Israeli officials knew it as well, and for that reason established an Administration months before the pullout that secretly prepared a plan for the evacuation and relocation of SLA members. However, SLA troops, whose fears grew with every passing week, were only given vague promises and hints. For example, they were told that there was no final decision on the withdrawal and that there’s still a chance to secure a deal with the Syrians that would allow SLA members to remain in their villages.
Israel’s conduct was premised on concerns that should SLA forces know that the upcoming withdrawal is a done deal, they may defect and cooperate with Hezbollah in order to save their own skin, or alternately, demand to move to Israel at once. This is also the reason why the IDF did not remove equipment from SLA outposts and did not prepare them for withdrawal.
However, SLA soldiers saw the equipment removed by the IDF from its own outposts and realized what was going on. I recall a meeting between then-Northern Command Chief Ashkenazi and senior SLA commanders in April 2000. The Lebanese officers, who wore IDF uniforms, grimly described what Hezbollah may do to them and their families and demand to know what Israel plans for them. Ashkenazi expressed his sympathy and promised that Israel will not abandon them if and when it decided to withdraw. However, he did not provide any details.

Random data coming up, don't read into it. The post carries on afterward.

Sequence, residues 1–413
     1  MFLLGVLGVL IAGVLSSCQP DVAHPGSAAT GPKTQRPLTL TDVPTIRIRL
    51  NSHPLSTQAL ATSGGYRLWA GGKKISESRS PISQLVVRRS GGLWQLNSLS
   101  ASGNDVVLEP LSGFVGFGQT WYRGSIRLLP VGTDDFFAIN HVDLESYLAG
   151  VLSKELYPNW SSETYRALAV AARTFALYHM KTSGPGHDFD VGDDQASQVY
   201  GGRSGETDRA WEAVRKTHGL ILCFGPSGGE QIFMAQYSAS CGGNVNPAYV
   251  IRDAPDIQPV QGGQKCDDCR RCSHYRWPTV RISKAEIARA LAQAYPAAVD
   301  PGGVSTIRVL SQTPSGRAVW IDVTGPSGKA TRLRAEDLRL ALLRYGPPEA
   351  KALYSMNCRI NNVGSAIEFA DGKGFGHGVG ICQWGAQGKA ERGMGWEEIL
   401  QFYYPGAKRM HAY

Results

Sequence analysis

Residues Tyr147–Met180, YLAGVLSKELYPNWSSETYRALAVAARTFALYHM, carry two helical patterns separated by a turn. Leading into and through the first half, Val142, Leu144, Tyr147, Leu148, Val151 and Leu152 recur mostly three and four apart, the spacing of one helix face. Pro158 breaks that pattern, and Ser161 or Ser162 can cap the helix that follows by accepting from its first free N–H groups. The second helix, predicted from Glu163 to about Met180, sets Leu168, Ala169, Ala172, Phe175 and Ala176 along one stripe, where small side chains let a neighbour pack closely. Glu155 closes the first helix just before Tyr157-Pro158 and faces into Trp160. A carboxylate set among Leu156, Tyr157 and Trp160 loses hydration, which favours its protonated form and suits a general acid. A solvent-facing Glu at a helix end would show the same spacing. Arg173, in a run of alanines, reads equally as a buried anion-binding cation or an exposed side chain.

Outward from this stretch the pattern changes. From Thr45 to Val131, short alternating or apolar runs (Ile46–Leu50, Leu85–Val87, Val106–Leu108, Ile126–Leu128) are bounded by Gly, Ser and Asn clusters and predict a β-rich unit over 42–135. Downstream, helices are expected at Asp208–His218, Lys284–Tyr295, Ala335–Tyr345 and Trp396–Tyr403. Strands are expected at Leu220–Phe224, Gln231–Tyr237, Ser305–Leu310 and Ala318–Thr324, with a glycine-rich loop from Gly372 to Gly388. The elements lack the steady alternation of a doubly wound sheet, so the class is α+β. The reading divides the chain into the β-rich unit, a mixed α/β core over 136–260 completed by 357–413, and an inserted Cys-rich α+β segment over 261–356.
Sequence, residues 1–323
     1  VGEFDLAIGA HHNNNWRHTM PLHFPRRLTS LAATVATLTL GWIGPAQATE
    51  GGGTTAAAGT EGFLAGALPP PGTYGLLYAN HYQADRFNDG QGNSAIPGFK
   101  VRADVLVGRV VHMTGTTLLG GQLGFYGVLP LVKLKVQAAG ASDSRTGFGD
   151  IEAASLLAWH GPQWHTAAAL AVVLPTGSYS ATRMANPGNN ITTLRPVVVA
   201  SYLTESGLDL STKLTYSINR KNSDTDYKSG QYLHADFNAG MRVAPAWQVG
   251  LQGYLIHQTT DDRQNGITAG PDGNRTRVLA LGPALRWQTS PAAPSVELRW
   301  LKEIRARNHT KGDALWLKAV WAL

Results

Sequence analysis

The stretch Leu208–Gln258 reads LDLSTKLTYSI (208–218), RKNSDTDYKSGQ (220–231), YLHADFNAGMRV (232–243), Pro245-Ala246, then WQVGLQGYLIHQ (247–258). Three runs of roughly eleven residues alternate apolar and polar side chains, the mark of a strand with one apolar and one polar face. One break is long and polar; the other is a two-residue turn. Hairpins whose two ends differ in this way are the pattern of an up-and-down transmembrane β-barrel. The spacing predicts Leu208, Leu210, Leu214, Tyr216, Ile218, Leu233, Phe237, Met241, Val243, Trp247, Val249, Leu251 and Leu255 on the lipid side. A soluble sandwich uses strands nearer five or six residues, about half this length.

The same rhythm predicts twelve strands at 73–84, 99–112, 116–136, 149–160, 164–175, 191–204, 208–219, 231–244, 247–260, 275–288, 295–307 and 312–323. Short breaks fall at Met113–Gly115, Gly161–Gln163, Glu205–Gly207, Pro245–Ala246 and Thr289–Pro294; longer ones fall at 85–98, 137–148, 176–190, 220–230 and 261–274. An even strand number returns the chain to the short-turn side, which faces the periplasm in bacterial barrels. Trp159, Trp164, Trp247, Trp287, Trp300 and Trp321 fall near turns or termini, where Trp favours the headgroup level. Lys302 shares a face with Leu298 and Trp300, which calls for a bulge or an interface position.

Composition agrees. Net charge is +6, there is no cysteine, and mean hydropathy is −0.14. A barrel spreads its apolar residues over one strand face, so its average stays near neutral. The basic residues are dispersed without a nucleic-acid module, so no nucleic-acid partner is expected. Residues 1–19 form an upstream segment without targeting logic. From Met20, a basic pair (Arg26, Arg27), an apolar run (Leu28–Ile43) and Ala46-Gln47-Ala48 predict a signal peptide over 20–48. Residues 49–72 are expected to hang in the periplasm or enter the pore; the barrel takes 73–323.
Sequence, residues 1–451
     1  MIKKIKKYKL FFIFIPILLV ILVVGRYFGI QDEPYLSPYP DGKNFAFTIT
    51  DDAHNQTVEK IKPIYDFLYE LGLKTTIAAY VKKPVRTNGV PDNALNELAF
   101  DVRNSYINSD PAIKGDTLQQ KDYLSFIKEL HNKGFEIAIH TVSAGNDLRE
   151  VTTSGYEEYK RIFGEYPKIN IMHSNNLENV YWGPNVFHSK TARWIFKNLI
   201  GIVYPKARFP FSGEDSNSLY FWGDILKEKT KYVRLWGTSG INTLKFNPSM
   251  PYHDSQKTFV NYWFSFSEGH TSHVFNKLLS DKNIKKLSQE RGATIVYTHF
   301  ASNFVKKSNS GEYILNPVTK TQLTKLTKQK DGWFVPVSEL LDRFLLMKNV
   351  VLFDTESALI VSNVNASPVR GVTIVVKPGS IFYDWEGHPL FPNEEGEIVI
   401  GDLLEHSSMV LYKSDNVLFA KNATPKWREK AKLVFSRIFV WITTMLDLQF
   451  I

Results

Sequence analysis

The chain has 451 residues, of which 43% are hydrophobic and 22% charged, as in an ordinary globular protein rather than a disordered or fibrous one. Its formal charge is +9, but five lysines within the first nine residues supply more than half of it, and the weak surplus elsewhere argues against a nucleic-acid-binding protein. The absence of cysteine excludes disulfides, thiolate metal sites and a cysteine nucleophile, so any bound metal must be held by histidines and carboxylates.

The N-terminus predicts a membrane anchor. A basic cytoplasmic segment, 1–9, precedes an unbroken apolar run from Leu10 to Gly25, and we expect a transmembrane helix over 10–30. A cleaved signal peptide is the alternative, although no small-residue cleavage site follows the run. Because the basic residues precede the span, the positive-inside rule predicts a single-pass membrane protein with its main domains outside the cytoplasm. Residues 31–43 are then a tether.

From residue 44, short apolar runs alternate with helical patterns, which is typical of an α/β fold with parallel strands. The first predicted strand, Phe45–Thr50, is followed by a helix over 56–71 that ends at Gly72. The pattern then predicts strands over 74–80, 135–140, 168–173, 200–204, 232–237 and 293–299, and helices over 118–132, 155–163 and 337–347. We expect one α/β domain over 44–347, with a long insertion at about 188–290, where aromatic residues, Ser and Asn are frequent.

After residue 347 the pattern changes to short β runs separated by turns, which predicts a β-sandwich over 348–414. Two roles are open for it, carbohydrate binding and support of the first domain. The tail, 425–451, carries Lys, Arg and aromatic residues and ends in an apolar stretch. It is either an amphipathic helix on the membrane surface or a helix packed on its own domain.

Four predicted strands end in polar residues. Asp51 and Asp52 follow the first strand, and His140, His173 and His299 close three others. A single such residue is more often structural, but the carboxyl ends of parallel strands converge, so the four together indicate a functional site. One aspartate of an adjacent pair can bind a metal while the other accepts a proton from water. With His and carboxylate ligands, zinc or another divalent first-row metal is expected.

The faces of SLA officers at the meeting grew grimmer. They did not touch the coffee and snacks on the table before them. The meeting ended in a dismal atmosphere. On the way to the helicopter I heard Ashkenazi telling one of his officers: They won’t wait for us. They will run away from their outposts even before we decide when to withdraw.
Indeed, this is what happened a month later.
Part 2 of analysis to be published Tuesday evening